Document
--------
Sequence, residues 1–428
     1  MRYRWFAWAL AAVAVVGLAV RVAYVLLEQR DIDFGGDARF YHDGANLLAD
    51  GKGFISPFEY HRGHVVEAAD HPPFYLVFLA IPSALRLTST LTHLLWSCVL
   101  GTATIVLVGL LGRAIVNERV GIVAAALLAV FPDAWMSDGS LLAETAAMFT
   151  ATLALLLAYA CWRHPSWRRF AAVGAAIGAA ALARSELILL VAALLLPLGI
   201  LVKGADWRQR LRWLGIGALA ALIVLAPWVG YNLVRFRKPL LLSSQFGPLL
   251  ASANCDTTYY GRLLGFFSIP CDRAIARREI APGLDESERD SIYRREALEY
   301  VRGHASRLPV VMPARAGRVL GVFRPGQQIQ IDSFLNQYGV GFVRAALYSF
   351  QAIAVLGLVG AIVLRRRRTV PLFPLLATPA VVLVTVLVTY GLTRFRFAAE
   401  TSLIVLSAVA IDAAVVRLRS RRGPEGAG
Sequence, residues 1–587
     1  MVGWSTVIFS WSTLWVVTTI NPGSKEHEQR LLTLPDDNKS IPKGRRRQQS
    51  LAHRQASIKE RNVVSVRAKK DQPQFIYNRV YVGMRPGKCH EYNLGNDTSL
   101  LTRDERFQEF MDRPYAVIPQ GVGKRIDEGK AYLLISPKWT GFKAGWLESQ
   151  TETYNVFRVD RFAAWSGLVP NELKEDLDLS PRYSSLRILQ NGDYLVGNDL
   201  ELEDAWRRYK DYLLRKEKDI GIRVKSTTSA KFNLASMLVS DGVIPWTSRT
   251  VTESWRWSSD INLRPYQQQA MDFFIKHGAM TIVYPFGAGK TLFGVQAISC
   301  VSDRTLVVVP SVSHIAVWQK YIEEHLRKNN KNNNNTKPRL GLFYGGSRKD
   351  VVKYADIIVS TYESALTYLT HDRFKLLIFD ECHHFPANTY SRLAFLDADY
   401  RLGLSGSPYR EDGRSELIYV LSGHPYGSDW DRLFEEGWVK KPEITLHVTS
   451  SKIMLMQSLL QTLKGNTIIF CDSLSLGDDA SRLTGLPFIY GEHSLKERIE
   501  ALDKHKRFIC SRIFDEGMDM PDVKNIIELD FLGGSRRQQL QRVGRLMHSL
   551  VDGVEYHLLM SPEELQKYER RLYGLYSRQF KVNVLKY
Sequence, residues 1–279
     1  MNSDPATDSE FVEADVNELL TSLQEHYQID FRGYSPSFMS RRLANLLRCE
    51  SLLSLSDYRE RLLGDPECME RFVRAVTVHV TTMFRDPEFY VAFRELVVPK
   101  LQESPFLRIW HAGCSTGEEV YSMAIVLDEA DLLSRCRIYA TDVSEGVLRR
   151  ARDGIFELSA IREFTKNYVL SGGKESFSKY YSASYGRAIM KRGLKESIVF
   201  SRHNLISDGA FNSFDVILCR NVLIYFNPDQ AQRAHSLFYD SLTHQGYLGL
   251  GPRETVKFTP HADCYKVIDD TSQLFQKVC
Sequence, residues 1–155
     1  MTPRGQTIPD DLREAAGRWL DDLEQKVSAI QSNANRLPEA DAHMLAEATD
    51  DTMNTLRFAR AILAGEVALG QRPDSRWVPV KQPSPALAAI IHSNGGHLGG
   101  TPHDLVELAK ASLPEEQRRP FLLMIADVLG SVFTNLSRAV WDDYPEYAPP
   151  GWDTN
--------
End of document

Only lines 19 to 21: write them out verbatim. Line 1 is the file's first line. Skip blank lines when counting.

   351  VVKYADIIVS TYESALTYLT HDRFKLLIFD ECHHFPANTY SRLAFLDADY
   401  RLGLSGSPYR EDGRSELIYV LSGHPYGSDW DRLFEEGWVK KPEITLHVTS
   451  SKIMLMQSLL QTLKGNTIIF CDSLSLGDDA SRLTGLPFIY GEHSLKERIE